Why should you blog?  One of those questions that each blogger will give you a different answer to. I have always said that I blog for myself but I love it when it engages with others and this is still true today.  This is why it doesn’t work when I am chasing stats etc.  But now I come to another stumbling block which has crept up on me over the last few months and relates to the sense of change I mention above.  My blog is entitled ‘The Patient Gardener’ but my interests are diversifying and I want to, and do, other things so why don’t I blog about them more?  Is the blog name too prescriptive, am I letting it block my thought process, am I over thinking this – probably! When I first started blogging I got excited when someone left a comment, I got excited to find a new gardening blog, or I saw a plant I hadn’t seen before – but familiarity breeds contempt, well not contempt as that might be going to far, but you know what I mean – and I have lost that thrill.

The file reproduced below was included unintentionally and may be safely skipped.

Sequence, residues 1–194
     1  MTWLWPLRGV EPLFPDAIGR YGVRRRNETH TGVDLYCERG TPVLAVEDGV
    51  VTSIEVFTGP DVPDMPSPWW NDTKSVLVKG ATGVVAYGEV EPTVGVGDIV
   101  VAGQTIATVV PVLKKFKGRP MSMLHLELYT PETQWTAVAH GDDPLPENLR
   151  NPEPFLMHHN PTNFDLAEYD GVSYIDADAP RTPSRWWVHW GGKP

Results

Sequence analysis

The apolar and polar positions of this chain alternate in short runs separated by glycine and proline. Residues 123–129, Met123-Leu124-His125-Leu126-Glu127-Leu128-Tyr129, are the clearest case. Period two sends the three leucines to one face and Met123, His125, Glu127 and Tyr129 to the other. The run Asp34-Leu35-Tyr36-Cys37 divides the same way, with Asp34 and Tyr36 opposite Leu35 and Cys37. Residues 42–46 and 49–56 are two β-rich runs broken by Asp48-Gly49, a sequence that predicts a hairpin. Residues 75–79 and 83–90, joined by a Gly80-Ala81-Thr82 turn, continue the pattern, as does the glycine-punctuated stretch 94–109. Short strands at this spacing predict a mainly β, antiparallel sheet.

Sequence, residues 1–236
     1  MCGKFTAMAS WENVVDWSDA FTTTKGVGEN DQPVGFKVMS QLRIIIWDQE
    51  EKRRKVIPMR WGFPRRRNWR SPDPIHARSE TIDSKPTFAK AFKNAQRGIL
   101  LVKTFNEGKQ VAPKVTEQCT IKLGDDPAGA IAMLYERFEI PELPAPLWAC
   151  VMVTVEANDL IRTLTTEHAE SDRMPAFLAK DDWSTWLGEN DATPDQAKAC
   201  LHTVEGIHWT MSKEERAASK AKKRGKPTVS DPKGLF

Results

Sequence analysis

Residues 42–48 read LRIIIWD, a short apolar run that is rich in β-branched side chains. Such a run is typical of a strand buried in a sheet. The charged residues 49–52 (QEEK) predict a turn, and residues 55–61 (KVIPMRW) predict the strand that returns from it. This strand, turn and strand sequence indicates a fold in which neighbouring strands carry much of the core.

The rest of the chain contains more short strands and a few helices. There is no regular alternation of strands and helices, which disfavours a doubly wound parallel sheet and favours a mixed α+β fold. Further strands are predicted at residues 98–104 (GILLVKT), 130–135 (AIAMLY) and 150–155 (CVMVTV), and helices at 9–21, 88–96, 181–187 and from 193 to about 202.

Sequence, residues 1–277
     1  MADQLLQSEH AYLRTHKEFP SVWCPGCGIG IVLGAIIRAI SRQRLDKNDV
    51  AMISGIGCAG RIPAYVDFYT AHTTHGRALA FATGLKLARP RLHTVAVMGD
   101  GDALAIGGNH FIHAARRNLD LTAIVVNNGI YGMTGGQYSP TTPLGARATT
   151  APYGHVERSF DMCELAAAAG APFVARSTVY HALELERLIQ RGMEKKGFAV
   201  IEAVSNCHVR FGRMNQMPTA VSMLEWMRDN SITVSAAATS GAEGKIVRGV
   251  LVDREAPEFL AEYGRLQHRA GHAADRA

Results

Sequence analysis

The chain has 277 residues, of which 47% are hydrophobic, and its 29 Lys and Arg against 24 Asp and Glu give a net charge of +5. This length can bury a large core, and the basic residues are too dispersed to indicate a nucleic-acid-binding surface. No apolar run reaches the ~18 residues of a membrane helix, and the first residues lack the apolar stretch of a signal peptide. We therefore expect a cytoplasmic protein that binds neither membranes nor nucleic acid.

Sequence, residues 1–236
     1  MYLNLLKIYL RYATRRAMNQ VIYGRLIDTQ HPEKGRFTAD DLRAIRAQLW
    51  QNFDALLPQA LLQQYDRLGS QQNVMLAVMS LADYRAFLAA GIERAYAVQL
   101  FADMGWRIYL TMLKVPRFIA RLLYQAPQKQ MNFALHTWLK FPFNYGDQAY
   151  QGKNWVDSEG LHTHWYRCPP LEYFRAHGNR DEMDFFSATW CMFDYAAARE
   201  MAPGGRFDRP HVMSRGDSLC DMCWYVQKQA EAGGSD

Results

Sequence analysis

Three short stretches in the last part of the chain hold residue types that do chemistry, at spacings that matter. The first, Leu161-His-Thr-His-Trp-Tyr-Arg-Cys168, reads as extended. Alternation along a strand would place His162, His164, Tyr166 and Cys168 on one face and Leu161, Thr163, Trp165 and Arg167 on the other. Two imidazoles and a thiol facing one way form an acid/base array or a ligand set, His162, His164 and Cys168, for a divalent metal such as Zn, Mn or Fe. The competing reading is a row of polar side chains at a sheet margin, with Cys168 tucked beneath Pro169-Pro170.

I love my garden, I enjoy ‘working’ in it but I am struggling to get enthusiastic about always blogging on this subject. I have been looking for something recently, I haven’t been sure what, but I have felt that something needs to change.  I have even looked at moving house but realised that I love my house and garden too much to move – the neighbours have put their house on the market this week and I had a quiet tentative cheer!    I have started walking and my interest in wildlife is returning.  Also having played around with different crafts I have found myself enthralled with embroidery again and getting absurdly excited when I find an embroidery blog, they are few and far between, and positively stroking the cover of the Inspirations magazine when it arrived from Australia full of projects and plans.  Whilst I am going on a garden visiting holiday this year, and I have been on them before, I don’t feel an overwhelming urge to go on more.  I love visiting gardens but there is so much more to the world and I want to see it.  I have a list of places and things I want to see and strangely there are few gardens featuring: